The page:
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Medicine for Treating an Incomplete Miscarriage

 

If you have had an incomplete miscarriage with no complications, you may have the option of using medicine that causes the uterus to push out all remaining tissue. Treatment with medicine offers an alternative to surgical treatment or waiting for the miscarriage to complete. Some women may have more bleeding and cramping if they choose medicine treatment.

Mifepristone and misoprostol, medicines that are more commonly used to terminate first-trimester pregnancy, have been used on a limited basis to treat miscarriage. First, mifepristone acts to block the body's use of progesterone , a hormone that supports pregnancy. Then, misoprostol is used to soften the cervix and start uterine contractions, inducing the uterus to empty.

Misoprostol can be used alone to treat miscarriage.

Medicines used to complete a miscarriage may have side effects. These may include:

  • Nausea.
  • Vomiting.
  • Diarrhea.
  • Headache.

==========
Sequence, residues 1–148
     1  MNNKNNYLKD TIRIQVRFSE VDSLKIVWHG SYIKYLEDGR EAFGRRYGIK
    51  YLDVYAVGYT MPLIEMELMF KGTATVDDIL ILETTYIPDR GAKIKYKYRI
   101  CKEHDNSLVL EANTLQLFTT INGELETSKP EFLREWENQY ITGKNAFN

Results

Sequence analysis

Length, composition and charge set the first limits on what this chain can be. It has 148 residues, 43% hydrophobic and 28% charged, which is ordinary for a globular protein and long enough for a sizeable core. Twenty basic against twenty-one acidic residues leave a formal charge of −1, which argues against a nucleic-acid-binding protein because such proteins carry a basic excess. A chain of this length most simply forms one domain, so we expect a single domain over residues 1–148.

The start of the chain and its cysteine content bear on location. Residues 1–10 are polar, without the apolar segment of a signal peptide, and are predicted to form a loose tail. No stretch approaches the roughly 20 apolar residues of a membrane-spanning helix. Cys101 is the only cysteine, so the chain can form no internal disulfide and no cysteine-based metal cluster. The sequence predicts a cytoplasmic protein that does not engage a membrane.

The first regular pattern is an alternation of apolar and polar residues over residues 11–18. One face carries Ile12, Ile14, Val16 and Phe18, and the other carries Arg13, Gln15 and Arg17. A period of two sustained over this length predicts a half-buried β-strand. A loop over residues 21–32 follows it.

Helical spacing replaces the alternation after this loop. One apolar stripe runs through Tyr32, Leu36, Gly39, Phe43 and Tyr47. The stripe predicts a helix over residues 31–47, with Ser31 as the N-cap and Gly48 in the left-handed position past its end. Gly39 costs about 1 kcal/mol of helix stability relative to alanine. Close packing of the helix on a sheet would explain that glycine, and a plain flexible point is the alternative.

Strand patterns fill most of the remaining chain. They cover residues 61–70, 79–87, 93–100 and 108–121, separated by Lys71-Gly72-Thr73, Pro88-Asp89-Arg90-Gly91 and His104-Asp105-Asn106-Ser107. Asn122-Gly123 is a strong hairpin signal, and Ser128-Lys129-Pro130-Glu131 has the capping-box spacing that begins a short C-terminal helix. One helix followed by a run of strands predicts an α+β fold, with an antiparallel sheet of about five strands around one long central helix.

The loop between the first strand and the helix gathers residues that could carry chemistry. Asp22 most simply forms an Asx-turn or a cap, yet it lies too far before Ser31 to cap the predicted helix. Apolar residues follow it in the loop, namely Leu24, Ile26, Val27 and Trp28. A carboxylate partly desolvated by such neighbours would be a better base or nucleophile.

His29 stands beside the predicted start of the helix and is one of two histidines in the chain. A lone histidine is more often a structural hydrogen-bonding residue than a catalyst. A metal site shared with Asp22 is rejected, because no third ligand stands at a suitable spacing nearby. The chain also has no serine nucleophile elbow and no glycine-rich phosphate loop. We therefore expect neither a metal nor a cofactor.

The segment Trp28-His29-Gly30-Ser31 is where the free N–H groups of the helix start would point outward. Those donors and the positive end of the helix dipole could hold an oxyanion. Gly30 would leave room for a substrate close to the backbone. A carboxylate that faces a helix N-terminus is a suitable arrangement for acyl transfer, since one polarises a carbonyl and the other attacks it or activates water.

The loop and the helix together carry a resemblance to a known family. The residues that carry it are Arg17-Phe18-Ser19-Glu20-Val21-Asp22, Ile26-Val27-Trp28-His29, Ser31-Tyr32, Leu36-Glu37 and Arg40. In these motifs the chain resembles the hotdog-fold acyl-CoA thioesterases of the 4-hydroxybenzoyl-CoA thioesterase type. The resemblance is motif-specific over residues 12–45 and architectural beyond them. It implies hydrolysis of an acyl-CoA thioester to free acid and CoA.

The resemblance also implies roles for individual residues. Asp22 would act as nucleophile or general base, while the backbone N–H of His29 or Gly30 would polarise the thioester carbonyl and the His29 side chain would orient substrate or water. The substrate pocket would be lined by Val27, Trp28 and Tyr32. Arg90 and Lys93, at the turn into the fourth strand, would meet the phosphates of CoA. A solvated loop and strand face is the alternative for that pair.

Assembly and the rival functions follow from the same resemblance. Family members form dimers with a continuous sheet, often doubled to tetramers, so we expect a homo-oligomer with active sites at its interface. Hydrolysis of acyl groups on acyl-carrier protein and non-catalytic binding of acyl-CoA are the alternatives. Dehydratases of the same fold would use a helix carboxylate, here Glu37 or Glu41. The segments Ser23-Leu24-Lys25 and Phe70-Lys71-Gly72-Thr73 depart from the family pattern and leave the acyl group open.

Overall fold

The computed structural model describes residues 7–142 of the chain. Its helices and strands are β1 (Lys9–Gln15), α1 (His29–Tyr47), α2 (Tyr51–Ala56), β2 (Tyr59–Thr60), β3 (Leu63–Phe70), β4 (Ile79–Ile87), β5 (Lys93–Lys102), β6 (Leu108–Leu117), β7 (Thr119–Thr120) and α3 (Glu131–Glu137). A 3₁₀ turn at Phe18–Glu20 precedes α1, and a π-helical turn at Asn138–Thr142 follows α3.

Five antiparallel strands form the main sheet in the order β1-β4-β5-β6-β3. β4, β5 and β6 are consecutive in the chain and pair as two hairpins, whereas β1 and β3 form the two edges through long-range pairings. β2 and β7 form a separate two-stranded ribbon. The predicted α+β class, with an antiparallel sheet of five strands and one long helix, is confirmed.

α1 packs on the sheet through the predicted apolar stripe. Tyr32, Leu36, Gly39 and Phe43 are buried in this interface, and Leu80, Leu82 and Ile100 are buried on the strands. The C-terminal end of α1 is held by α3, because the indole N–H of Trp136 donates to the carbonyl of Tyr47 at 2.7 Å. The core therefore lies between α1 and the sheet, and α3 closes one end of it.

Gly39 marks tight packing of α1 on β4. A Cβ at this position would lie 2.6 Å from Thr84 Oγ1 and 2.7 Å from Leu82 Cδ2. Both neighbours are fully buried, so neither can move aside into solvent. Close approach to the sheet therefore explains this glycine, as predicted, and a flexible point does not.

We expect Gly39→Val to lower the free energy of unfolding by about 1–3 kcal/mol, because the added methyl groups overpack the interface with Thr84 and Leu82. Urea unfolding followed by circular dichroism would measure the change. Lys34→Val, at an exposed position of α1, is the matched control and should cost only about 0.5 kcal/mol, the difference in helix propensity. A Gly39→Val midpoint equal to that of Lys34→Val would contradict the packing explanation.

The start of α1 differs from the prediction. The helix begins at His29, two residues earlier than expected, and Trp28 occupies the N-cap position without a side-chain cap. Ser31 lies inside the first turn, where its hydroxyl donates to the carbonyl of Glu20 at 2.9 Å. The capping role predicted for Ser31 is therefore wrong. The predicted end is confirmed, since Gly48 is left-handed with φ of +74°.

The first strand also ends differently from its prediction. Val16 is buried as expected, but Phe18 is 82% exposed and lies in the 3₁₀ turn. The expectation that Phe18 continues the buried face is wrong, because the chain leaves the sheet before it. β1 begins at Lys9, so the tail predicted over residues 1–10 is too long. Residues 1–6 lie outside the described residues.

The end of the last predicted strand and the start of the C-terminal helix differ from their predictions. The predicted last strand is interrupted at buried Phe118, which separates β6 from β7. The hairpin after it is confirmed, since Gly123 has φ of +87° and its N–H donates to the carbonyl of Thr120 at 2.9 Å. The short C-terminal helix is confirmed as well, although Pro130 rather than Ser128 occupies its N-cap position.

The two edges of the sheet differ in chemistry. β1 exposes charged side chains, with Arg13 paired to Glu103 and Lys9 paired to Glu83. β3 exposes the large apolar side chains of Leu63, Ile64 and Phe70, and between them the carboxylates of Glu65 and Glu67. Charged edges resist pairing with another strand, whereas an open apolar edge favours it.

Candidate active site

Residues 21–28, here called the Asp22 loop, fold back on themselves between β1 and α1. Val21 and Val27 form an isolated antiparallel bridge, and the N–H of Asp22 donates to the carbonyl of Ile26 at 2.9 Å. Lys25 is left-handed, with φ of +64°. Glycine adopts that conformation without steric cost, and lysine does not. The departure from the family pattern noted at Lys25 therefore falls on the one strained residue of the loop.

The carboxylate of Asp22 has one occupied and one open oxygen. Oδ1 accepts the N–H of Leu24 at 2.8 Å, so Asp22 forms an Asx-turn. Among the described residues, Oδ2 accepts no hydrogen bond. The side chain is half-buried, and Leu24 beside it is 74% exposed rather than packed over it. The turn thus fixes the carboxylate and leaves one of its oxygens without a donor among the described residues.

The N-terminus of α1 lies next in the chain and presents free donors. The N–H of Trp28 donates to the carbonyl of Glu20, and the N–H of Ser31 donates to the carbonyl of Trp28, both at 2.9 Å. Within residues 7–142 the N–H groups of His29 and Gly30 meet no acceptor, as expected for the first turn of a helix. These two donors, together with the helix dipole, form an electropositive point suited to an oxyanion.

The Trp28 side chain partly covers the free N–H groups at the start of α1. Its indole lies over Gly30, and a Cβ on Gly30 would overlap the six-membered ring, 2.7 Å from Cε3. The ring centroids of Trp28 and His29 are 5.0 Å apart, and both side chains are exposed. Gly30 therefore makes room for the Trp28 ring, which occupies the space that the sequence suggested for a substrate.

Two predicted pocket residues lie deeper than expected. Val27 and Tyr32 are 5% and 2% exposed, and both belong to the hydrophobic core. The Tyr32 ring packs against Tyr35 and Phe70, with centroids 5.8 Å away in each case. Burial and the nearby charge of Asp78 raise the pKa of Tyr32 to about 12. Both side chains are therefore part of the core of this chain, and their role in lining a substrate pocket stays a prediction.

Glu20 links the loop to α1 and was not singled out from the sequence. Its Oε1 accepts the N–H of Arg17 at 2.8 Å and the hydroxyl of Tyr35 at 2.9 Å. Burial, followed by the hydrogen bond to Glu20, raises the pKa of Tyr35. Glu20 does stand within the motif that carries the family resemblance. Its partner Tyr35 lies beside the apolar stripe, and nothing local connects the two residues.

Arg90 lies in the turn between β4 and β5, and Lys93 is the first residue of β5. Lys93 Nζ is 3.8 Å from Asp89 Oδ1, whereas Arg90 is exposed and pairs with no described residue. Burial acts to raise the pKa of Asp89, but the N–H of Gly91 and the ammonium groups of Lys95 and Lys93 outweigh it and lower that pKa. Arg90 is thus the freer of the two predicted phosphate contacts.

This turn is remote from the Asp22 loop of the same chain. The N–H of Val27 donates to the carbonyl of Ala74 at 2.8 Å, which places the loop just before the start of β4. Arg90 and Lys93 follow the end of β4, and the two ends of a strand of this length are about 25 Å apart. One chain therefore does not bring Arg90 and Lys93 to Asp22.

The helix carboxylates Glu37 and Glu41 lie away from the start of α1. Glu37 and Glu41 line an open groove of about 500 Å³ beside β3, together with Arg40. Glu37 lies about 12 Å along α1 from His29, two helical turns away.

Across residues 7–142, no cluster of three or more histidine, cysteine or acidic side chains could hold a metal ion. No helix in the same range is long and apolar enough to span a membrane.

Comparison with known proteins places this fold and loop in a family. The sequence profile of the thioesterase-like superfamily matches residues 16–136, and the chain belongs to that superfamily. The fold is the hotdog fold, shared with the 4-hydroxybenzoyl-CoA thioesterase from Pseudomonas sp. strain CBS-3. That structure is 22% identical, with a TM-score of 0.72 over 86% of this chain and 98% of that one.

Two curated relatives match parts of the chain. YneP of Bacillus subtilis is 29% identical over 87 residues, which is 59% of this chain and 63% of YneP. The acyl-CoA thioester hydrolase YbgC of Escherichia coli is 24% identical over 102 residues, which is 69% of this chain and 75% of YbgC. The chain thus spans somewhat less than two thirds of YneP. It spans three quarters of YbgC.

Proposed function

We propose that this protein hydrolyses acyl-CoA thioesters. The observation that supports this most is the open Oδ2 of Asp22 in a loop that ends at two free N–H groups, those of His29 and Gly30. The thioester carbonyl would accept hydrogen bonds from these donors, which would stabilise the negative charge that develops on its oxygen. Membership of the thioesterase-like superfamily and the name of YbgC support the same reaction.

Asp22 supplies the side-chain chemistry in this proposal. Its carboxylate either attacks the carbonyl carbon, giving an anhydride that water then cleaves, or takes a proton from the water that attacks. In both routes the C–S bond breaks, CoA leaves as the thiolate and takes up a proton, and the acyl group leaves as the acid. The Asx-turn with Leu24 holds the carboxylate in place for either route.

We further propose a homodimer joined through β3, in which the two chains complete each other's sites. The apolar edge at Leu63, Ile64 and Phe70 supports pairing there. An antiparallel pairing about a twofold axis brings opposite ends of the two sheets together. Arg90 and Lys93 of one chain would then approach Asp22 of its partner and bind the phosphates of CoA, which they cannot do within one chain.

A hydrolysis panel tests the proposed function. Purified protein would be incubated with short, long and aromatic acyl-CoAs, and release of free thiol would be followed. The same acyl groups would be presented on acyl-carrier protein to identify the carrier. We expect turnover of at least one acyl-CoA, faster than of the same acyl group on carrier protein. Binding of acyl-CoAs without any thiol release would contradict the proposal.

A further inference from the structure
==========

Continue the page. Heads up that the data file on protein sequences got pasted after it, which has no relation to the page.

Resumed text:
• Dizziness.
  • Chills or hot flushes (sweating and feeling overly hot).
  • Fatigue.

Methylergonovine (Methergine), a medicine that makes blood vessels constrict throughout the body, is commonly used to control uterine bleeding after a miscarriage. Methergine makes the uterus contract, which helps control blood loss. Methergine can cause sudden high blood pressure, so it is used carefully.

 

By Healthwise Staff
Primary Medical Reviewer Sarah Marshall, MD - Family Medicine
Specialist Medical Reviewer Femi Olatunbosun, MB, FRCSC - Obstetrics and Gynecology
Last Revised February 1, 2013

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The Health Encyclopedia contains general health information. Not all treatments or services described are covered benefits for Kaiser Permanente members or offered as services by Kaiser Permanente. For a list of covered benefits, please refer to your Evidence of Coverage or Summary Plan Description. For recommended treatments, please consult with your health care provider.

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